First, K = 0.5mv^2 is not "average" kinetic energy- it is kinetic energy- in fact it is the definition of kinetic energy- there is no "derivation". At some time, back at the beginning of "physics" someone notice that, in many dynamics problems that quantity was conserved- so they gave it a name!
#4
mani
19
0
First, K = 0.5mv^2 is not "average" kinetic energy- it is kinetic energy- in fact it is the definition of kinetic energy- there is no "derivation". At some time, back at the beginning of "physics" someone notice that, in many dynamics problems that quantity was conserved- so they gave it a name!
Quantities, mv^2, 35mv^2, are also conserved!
#5
physics247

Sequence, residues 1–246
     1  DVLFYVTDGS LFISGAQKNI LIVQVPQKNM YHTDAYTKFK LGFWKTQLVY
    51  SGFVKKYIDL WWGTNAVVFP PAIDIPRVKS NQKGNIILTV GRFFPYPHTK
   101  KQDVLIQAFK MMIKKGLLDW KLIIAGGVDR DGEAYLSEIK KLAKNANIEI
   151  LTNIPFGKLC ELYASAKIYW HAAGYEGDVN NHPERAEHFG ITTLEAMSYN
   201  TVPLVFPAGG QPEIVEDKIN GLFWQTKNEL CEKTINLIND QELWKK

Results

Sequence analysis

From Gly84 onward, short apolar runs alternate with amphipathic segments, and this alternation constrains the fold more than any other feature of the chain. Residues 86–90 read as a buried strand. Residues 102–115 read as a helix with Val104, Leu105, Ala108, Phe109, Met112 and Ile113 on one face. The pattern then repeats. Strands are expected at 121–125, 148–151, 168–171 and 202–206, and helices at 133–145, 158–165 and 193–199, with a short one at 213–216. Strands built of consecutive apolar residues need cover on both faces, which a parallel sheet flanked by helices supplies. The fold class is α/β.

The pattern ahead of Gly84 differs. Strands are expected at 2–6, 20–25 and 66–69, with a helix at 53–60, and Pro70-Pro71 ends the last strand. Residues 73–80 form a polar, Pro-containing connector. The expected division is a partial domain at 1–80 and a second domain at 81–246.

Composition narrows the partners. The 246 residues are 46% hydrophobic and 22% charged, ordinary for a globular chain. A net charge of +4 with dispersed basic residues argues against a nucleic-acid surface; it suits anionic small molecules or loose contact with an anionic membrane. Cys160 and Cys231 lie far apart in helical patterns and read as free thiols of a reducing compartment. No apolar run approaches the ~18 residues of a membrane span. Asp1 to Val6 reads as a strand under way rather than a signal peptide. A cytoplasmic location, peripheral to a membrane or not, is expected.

24
0
Originally posted by PrudensOptimus
ΣWork = ΣF * d = mad = 0.5m(v^2 - v_{0}^2) = ke
So ummmm ... This is relative kinetic energy not average kinetic energy?
That is, relative to the kinetic energy of the object when v_{0} = 0
Interesting derivation. Thanks.
#6
lethe
653
0
energy is the ability to do work.
work is force times distance.
kinetic energy is that energy a body has due to its motion.
but by Newton
[tex]
\mathbf{F}=m\mathbf{a}
[/tex]
so
[tex]
W=\int_A^Bm\mathbf{a}\cdot d\mathbf{s} = m\int_{t_{A}}^{t_{B}}\mathbf{a}\cdot\mathbf{v}dt\\
= \frac{m}{2}\int_{t_{A}}^{t_{B}}\frac{d(v^2)}{dt}\! dt = \frac{1}{2}mv_B^2 - \frac{1}{2}mv_A^2
[/tex]
so you see that the work done is equal to the change in kinetic energy between the two points, and this is a derivation of the formula for that kinetic energy.